More than five million people across the United States and some 30 million worldwide suffer from Alzheimer’s, a devastating disease that attacks the brain and leads to memory loss, the inability to perform daily tasks and functions, and eventually death.
Neil Buckholtz, the director of the Division of Neuroscience at the National Institute on Aging, has been the driving force behind an ambitious public-private partnership focused on finding the biological markers that show how Alzheimer’s progresses in the brain so that researchers can more quickly target the testing of new drugs to slow or stop the disease.
“Alzheimer’s disease is a major public health problem which will only get much worse if new ways to treat and prevent it are not found,” said Buckholtz. “It is critical for the federal government to facilitate the discovery, development and testing of new therapeutics to help people and their families who are desperately in need.”
This multi-million dollar project, started in 2004 and now in its second phase, has led to clinical trials at 57 sites in the United States and Canada, and involved participation of the National Institutes of Health, the Food and Drug Administration, universities, nonprofits and numerous pharmaceutical, diagnostic and biotechnology companies.
The initiative is unique not just because of its ambitious goals and the broad coalition of participants, but because of the requirement conceived by Buckholtz and colleagues that all of the data and findings be made available on a public database for use by scientists around the world. The database contains thousands of brain scan images, clinical and neuropsychological data, genetic information, and blood and cerebrospinal fluid analyses.
Unlike most clinical trials, no one owns this data or can submit patent applications, but companies could eventually benefit from any drugs or imaging tests that are developed from use of the information. There are only a handful of medications approved for treatment of Alzheimer’s in the United States, but they do not stop the disease and have only marginal effects on the symptoms.
The project, formally known as the Alzheimer’s Disease Neuroimaging Initiative, has led to more than 170 scientific papers, helped lead to new insights into people at high risk of Alzheimer’s progression, and accelerated the testing of new medications. This collaboration also has been a model for biomarker studies in other diseases such as Parkinson’s and Down syndrome.
“This collaborative effort has deepened our understanding of this complex disorder. Numerous scientific laboratories are processing data, writing abstracts and papers, and reporting the results at meetings,” said Buckholtz. The results have been extremely positive and concrete and are being used extensively in academic and industry clinical trials.”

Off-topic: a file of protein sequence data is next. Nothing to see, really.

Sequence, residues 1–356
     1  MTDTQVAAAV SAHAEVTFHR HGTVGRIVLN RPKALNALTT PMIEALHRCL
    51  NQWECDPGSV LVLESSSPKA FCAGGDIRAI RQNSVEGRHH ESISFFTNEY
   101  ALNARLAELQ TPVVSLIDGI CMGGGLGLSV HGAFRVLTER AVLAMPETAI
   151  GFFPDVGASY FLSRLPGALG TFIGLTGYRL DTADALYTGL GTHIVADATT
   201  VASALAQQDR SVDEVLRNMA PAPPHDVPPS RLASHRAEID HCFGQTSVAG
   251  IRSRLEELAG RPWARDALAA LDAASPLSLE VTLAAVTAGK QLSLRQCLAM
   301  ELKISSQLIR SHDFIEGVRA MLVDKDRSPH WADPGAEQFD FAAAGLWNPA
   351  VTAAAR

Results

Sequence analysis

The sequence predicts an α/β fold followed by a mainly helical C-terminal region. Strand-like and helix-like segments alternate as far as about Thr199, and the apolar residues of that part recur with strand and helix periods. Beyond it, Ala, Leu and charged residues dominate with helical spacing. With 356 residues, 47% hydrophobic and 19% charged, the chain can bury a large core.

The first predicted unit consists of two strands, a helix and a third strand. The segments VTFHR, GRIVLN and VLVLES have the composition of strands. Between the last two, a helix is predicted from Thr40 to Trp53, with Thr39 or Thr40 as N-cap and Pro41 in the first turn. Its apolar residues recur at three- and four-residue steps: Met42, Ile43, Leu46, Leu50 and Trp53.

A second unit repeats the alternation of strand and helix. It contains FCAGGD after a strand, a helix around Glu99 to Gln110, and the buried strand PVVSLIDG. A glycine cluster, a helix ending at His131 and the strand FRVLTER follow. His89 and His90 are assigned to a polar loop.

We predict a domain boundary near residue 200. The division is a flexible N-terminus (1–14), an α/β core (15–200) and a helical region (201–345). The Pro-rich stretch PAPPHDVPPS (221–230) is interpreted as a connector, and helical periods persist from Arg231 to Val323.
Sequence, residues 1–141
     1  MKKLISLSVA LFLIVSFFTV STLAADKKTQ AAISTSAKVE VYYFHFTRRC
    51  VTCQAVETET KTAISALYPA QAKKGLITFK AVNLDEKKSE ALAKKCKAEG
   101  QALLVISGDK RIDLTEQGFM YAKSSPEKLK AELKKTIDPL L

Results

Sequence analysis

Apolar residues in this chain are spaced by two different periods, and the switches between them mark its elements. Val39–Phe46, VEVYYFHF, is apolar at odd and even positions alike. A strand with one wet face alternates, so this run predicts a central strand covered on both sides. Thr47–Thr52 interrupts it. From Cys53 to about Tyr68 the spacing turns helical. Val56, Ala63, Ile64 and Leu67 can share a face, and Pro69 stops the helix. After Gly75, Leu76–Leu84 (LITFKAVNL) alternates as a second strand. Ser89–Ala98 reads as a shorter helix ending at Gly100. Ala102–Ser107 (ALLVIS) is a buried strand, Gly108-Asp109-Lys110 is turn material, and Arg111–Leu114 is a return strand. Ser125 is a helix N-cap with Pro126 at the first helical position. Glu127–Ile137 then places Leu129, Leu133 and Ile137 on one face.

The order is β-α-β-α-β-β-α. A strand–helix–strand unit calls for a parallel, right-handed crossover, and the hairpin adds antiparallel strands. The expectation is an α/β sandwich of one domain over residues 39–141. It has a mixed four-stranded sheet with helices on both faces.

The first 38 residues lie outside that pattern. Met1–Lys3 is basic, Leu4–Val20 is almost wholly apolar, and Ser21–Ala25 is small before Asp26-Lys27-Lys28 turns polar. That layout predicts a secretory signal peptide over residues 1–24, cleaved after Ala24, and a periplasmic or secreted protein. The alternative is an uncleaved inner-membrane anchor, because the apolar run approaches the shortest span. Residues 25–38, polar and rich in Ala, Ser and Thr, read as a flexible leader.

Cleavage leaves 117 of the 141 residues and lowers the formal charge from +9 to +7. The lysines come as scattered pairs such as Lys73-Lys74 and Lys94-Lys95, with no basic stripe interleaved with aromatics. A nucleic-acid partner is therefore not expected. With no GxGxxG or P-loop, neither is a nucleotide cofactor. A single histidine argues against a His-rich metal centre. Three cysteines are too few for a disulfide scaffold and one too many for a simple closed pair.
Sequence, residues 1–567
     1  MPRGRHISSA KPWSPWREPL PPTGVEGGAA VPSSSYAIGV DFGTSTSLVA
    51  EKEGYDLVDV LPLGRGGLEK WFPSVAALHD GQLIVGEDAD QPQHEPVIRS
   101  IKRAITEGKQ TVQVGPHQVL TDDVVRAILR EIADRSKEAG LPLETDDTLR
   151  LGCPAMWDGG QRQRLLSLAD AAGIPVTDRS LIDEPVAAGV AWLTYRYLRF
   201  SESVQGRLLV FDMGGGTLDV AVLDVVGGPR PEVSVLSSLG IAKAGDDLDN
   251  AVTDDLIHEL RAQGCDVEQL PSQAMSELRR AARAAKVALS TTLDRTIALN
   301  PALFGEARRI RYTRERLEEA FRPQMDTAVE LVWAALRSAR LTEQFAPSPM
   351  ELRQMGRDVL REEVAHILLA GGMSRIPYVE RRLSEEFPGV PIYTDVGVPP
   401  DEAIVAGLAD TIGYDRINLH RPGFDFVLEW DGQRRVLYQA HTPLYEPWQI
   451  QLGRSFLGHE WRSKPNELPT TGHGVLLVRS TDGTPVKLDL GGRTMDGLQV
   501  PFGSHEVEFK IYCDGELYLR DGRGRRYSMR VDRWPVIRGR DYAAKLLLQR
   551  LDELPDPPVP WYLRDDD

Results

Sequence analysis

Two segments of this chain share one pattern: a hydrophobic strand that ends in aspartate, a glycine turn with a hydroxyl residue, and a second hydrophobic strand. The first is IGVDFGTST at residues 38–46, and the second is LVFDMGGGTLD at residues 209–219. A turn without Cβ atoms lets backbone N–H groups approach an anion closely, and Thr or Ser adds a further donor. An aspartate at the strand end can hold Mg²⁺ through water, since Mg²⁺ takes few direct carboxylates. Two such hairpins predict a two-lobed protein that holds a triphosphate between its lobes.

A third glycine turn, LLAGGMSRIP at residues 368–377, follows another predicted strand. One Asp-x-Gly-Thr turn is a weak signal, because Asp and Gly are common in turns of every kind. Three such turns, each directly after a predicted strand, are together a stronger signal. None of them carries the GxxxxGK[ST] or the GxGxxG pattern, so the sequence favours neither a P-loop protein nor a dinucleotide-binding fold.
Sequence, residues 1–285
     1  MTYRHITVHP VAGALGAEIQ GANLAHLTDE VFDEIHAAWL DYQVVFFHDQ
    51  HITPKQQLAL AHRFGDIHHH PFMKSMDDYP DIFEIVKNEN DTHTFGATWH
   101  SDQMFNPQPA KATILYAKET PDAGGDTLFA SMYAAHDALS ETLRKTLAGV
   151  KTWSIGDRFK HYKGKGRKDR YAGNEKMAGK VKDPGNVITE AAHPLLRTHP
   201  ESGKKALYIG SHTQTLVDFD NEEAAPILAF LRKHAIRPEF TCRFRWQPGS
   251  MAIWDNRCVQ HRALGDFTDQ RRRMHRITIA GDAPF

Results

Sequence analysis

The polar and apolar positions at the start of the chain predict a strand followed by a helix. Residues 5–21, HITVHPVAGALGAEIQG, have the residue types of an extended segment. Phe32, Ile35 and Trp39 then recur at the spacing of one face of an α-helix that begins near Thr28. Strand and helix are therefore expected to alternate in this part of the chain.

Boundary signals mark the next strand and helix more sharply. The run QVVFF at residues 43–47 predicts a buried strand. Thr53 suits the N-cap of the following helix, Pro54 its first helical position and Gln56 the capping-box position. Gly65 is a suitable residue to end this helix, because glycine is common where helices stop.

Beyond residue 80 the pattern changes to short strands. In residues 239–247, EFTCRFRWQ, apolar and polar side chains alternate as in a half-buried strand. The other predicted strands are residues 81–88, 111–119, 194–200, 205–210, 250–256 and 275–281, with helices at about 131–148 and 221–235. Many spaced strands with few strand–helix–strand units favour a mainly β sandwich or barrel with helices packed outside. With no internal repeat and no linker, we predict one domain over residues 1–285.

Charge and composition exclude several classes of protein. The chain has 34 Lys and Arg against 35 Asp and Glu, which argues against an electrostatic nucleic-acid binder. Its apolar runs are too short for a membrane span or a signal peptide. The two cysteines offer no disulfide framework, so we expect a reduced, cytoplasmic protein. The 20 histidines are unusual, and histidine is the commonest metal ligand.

Dr. Richard Hodes, the director of the National Institute on Aging, said Buckholtz is an “outstanding scientist, administrator and public servant” who had a vision, worked with a group of diverse partners and has achieved remarkable success so far with additional progress on the horizon.
“Neil commands a great deal of respect,” said Hodes. “People have confidence and faith in his abilities and his desire to achieve a common goal, and they know he is even-handed and fair.
This project that he led is renowned for what it has accomplished.”
Buckholtz joined the National Institute of Mental Health in 1983 and later served as chief of the National Institute of Aging Dementias of Aging Branch from 1993-2012, where he managed the Alzheimer’s project. He briefly retired in 2012 before growing restless and coming back as director of the Division of Neuroscience, where he now oversees the project along broader responsibilities to reviewing grants and other research involving Alzheimer’s and dementia.
“I actually attempted to retire, but found that I am still drawn to the field and hope to continue to make contributions for as long as I can,” said Buckholtz. “I am motivated by what is going on in science and the chance we have to test and develop new drugs. It will be very gratifying if I can help in some way.”
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